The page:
chapter  10
15 Pages

The Mirror and the Cage: Queens and Dwarfs at the Early Modern Court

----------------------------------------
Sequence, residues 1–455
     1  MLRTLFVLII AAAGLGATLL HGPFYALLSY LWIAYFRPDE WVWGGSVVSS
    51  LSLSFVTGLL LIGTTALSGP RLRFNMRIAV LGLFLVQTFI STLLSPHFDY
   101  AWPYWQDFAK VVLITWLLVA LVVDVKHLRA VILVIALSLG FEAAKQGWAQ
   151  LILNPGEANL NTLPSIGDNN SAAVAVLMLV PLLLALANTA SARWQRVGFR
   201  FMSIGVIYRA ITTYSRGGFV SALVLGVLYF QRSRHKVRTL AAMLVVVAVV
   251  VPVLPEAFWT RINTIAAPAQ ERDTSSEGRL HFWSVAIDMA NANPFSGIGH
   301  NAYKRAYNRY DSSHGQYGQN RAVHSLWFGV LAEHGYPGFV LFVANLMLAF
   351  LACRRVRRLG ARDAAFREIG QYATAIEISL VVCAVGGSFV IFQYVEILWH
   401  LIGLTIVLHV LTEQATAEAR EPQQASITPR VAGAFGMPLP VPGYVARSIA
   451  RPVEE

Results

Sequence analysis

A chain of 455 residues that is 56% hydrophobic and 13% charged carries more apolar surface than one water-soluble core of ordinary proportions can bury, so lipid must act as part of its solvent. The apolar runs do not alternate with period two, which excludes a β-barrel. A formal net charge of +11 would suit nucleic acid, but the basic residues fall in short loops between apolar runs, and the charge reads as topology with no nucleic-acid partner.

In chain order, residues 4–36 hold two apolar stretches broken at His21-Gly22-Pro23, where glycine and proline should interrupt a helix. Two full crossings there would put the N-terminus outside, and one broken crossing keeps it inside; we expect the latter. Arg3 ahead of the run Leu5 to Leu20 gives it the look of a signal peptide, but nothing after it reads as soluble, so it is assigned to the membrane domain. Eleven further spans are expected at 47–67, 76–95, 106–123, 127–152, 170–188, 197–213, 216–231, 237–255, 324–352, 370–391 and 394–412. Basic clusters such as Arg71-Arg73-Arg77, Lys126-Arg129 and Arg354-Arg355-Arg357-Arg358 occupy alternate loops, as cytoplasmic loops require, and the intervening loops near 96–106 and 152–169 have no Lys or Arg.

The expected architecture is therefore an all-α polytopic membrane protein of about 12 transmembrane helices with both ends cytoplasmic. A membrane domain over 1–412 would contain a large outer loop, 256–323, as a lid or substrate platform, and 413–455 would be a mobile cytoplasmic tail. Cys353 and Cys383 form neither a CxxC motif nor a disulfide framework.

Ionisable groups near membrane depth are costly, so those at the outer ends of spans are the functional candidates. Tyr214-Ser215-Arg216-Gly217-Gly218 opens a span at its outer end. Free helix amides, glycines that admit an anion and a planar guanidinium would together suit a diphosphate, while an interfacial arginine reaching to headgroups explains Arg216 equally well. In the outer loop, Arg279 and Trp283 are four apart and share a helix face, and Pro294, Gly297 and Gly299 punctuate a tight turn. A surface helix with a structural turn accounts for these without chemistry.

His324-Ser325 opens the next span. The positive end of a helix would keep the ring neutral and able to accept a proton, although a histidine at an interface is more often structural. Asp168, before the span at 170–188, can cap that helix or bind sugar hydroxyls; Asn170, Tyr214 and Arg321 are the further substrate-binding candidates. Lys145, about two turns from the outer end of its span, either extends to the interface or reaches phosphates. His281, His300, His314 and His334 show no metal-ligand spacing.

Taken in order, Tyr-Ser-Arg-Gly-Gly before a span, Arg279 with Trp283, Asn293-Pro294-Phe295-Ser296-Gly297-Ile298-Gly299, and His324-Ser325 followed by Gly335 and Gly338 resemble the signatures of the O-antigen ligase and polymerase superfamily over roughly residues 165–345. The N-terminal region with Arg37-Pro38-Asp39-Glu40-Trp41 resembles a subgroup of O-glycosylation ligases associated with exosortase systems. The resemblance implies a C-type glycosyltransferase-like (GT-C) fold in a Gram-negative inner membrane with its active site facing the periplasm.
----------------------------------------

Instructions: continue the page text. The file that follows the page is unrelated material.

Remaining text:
Isabella Clara Eugenia, Infanta of Spain, arrives in France to visit her grandmother Catherine de Medici, collector of marvels. With her is a gentleman carrying a cloth-covered cage, who announces that the Infanta wishes to present the queen with a parrot that can speak many languages. From the cage comes a voice speaking eloquently in French, Dutch, Spanish, English, and Italian. With a flourish the gentleman whips away the cloth-revealing a female dwarf, orating fluently. The court erupts in cries of shock and delight.1 The Infanta had hit her mark: while Catherine had a vast menagerie of exotic pets, she had an absolute mania for dwarfs, collecting rare specimens from Poland and Africa. Her latest acquisition turned her chamber into a wonder-booth for staging what Bacon called “frivolous impostures for pleasure and strangeness.”2